2. phlebas says:

    Plundered Hearts? Pah, Commander Kim Kimberley starred in Snowball 4 years before that, and two sequels!

    Habitat looks kind of interesting though – the missing link between MUD and MMORPG?

  3. Fnord73 says:

    Oh how 13 year old me longed and lusted for the future at this point. And what did we get? MOBAs

  4. Babymech says:

    I was going to just leave a snarky comment about how nobody ever talks about the Shadow of Yserbius / Fates of Twinion, and boy is my face red with egg now. Those games were great.

    Also, and this has nothing to do with the article, I also remember plowing hours into the Legend of the Red Dragon. Not exactly massively multiplayer, but hugely important to prestige in.

  5. Yserbius says:

    Ironically, I never did use ImagiNation. I merely had about 7000 ads and CDs for it everywhere, so I always longed to play the game that would later become my global username.

    This is also the first time I’ve ever heard it spoken out loud in an official capacity, so I clarified my pronunciation.

    I never head of Habitat but I did play a demo of The Realm. Combat was really slow turn based and instance dungeons had a maximum capacity of, like, one. So much of the gameplay consisted of standing outside dungeon entrances.

  6. Premium User Badge

    ErraticGamer says:

    Holy crap, a screenshot of The Realm. I spent YEARS in The Realm.

    It was not all that great a game, but the community was amazing.

  7. Someoldguy says:

    I have fond memories of The Realm. Back then I couldn’t afford home dialup either, so I used to stay late after work and even drop in at weekends to get some gaming time. Hardly ever saw anyone wandering around in just their underwear in-game. Much like I hardly ever saw WoW players bumping and grinding in bars. It had a great system for enchanting magical items that I wish had been used more widely.

    • Richard Cobbett says:

      Yeah, my memories of The Realm were very early beta where all there was were some repeating forest screens, chat, and the ability to fight maybe two things. I never played the full version.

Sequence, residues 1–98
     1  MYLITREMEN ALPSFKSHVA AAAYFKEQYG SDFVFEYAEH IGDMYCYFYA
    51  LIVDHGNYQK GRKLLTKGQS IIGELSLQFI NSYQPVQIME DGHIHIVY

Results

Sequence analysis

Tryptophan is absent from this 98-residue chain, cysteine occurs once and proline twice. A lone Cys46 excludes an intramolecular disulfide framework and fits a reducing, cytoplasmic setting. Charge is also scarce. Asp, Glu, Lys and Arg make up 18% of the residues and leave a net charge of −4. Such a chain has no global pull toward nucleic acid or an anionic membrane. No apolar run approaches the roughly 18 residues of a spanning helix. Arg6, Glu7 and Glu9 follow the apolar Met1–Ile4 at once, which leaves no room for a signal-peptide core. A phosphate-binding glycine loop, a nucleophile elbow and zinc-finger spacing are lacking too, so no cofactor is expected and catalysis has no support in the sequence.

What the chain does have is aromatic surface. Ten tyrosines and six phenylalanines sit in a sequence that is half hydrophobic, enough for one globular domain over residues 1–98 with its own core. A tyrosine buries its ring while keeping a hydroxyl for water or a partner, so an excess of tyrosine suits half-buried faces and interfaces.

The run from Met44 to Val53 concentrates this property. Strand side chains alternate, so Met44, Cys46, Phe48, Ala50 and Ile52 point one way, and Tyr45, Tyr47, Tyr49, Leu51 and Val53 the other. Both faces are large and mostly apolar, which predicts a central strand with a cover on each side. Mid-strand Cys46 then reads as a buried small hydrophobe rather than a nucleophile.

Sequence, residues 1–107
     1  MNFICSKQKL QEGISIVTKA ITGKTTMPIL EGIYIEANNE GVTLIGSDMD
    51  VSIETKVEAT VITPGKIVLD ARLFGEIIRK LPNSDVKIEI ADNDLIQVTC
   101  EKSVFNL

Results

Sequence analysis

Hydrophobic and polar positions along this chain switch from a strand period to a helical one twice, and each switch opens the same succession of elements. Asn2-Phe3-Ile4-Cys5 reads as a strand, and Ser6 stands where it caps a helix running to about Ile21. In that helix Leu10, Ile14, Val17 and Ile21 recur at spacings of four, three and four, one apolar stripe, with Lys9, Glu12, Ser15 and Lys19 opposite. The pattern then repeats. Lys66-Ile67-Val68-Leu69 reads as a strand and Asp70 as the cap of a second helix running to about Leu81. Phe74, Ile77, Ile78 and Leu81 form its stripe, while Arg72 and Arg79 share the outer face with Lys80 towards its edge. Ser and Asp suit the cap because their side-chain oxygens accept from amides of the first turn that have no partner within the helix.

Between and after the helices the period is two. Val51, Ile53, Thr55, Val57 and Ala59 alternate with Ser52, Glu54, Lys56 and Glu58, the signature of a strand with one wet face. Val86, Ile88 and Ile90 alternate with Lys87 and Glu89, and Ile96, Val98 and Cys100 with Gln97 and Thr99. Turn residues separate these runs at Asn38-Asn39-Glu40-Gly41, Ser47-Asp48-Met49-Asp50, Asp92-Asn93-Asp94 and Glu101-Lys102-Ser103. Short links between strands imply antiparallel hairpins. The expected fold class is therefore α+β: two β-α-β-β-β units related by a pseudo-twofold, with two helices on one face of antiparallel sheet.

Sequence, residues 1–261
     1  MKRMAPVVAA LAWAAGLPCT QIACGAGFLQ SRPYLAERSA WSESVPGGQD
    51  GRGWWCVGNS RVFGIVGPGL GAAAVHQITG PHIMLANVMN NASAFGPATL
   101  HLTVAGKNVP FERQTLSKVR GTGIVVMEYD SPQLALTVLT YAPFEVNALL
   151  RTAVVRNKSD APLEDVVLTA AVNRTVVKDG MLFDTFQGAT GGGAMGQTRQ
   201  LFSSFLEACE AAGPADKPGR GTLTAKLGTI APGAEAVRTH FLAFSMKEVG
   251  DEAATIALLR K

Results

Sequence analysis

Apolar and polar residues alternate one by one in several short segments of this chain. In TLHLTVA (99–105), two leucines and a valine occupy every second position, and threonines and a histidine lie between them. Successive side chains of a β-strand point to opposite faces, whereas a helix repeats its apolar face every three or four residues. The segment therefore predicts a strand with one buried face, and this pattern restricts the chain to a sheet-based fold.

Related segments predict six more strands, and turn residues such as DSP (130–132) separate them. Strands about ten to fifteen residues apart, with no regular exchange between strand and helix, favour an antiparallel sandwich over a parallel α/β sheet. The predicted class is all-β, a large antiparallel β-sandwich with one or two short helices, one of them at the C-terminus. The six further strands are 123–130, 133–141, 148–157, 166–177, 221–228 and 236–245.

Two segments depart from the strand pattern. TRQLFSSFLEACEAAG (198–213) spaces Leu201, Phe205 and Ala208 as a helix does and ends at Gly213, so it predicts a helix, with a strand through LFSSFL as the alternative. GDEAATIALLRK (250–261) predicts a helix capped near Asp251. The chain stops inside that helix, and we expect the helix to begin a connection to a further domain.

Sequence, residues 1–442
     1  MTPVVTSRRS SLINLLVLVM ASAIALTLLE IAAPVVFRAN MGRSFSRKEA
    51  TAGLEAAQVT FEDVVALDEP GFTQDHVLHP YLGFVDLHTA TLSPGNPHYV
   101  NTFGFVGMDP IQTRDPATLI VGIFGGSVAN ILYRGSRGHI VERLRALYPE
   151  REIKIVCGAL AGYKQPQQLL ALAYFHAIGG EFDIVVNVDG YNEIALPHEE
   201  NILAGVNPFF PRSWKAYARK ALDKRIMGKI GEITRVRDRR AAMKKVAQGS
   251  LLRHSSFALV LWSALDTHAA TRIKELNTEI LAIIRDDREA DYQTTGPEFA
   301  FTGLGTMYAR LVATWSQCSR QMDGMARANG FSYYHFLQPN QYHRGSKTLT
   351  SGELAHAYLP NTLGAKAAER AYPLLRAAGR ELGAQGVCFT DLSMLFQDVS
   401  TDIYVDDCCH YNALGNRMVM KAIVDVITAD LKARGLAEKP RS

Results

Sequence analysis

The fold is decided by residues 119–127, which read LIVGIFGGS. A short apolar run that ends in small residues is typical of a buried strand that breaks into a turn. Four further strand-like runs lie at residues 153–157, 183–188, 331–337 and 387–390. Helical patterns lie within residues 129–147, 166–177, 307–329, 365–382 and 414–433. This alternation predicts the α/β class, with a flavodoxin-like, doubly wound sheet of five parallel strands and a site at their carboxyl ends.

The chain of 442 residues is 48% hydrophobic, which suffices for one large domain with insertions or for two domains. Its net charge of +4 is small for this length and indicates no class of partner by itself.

8. AimHere says:

    Today’s the day I get to be the pedant.

    Level 9’s Snowball beats Plundered Hearts by 4 years when it comes to female-led adventure games – it came out in 1983. Not only was the main character female, ALL the human characters were female, since it was set in a cryogenic spaceship sent to colonize another planet.

    When you’re freezing people to send them to another planet, men are a waste of space, since the only thing they’re really needed for can be transported in a test tube. I can’t imagine the shrill noises coming from parts of the gaming community if someone made a game with that setting today…

  9. TheAngriestHobo says:

    My first MMO was supposed to be Meridian 59. I pointed it out to my grandmother, who ended up remembering what I told her and buying it for me for my birthday. Thing was, she didn’t understand computers at all, and didn’t realize that she should have talked to my folks before buying an online game for a ten-year-old kid. My parents were understandably worried about the kinds of people I might be exposed to and stepped in to take the game away from me… about seven seconds after I unwrapped it. Ten-year-old me did not react well to that particular emotional roller coaster.

  10. Premium User Badge

    Harlander says:

    I thought the fictional online community shown in latter-season Halt and Catch Fire was too advanced for its time, but I guess it was just based on this.

  11. Chillicothe says:

    “And player events, with the most famous being a devs vs player maze game where the devs got magic instakill guns. Unfortunately, one forgot their invulnerability flag, had their corpse looted, and so the fancy tool got into the wild. Even then, you can see the innocence of the era by the fact that the developers negotiated with the player for its return in virtual monies instead of just dropping the mighty banhammer.”

    Ahahaha Love this stuff.